San Francisco is set to loosen its delivery fee cap

An amendment will allow providers to charge restaurants more for additional services and will end a legal battle between delivery companies and the city.
San Francisco skyline
San Francisco was the first city to put a permanent cap on third-party delivery fees. / Photograph: Shutterstock

San Francisco is set to loosen its 15% cap on third-party delivery commissions, a move that would end a lawsuit between DoorDash and Grubhub and the city. 

The city’s Board of Supervisors on Tuesday unanimously approved an amendment that will allow delivery companies to charge restaurants more for additional services like marketing, advertising and search engine optimization. Restaurants can opt in to the add-ons.

The fee for delivery providers’ core services—delivery and a listing on their marketplace—will continue to be capped at 15% of the order total.

The amendment will go to a final vote on Tuesday, and it is expected to pass without changes. It will go into effect Jan. 31, 2023.

Last June, San Francisco became the first city in the nation to permanently limit how much delivery providers charge restaurants. It capped the fee for any and all services provided by third-party delivery companies at 15%. 

The strict cap was controversial. It was allowed to go into effect only after Mayor London Breed declined to sign it, calling it “unnecessarily prescriptive.” 

Less than a month later, DoorDash and Grubhub sued the city, arguing that the cap was unconstitutional and a “dangerous overreach.” 

At the time, the Golden Gate Restaurant Association (GGRA) said it would work with officials and the delivery companies to add more flexibility to the cap.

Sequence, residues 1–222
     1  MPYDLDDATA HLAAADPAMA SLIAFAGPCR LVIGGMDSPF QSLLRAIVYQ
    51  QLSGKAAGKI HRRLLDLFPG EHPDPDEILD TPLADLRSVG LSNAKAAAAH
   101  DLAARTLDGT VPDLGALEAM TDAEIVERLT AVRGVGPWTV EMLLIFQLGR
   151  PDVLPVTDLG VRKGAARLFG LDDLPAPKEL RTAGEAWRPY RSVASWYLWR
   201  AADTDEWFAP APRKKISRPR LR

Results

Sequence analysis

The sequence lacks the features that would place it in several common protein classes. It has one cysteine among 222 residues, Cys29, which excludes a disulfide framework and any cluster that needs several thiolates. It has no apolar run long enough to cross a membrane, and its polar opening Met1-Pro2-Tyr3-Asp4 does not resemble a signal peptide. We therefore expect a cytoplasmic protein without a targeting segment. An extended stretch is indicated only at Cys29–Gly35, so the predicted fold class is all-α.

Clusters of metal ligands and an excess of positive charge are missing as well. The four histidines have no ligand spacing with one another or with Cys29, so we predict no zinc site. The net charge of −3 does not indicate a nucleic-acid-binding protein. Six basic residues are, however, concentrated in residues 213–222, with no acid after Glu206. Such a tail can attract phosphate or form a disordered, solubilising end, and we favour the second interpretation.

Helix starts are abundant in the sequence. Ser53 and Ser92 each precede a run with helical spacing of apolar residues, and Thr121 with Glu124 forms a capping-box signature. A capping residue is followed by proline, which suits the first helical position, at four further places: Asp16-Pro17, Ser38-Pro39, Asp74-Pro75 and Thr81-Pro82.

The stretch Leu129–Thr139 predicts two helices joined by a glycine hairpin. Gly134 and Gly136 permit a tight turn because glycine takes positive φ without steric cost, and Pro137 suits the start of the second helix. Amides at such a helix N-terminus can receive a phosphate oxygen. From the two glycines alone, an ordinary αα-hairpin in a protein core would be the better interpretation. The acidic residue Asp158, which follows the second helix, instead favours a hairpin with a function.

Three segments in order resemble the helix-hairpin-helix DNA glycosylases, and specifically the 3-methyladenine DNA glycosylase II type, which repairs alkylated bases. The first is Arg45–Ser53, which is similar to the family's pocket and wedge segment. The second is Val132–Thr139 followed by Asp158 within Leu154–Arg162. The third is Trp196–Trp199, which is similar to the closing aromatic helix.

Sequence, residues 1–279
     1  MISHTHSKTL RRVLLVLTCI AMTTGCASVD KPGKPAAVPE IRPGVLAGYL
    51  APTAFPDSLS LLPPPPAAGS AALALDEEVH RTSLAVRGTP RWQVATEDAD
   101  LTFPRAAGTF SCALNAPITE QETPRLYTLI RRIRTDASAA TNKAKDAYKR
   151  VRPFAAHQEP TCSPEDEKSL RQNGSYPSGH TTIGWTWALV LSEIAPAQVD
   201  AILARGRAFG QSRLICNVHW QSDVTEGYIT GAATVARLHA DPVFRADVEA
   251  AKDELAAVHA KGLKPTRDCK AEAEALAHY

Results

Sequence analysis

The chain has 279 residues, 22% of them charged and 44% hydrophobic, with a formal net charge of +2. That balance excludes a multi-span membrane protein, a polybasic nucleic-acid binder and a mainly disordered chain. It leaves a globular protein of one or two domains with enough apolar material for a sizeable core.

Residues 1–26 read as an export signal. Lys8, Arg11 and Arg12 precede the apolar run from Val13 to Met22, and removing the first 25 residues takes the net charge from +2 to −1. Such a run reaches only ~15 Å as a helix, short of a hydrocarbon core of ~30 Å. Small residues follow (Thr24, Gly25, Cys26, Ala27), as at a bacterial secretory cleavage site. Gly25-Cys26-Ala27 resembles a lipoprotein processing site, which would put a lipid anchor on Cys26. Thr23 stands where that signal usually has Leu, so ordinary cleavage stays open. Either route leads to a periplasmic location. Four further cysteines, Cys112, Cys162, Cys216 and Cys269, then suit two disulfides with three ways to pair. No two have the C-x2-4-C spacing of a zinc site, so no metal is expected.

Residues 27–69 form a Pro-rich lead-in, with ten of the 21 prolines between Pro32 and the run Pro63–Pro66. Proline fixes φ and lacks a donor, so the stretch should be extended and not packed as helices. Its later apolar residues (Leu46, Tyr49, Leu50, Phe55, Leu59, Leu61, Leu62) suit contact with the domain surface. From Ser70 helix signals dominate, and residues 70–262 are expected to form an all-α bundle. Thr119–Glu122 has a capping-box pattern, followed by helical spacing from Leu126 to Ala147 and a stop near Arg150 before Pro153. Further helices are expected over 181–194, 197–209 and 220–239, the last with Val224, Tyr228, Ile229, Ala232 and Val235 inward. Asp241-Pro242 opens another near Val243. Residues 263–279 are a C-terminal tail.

On Tuesday, the association, along with DoorDash and Grubhub, celebrated the amendment. 

“Grubhub appreciates the Board of Supervisors and Golden Gate Restaurant Association for working toward a reasonable legislative solution that supports restaurants, diners, and drivers,” Grubhub said in a statement. “We have paused our litigation and are hopeful that the ordinance will be passed.” 

“We are thankful for the hard work and collaboration from all sides,” the GGRA said in its own statement. “This is an example of how we can all work together to ensure a safe and fair business environment for all.”

Amy Cleary, director of public policy and media relations for the GGRA, added in an email that she hopes the new structure will help fee caps continue long-term in San Francisco and elsewhere.

Delivery fee caps became widespread early in the pandemic as delivery took hold and restaurants pushed back against commissions of 30% or more. The vast majority of the caps were designed to be temporary, but some jurisdictions, including San Francisco and New York, made them permanent last year. 

The cities say the caps help local restaurants. The delivery companies have argued that caps force them to raise prices for consumers, ultimately hurting demand for restaurants. 

Last year, DoorDash unveiled a new pricing structure that allows restaurants to pay higher commissions for additional services, similar to how San Francisco’s amended ordinance will work.

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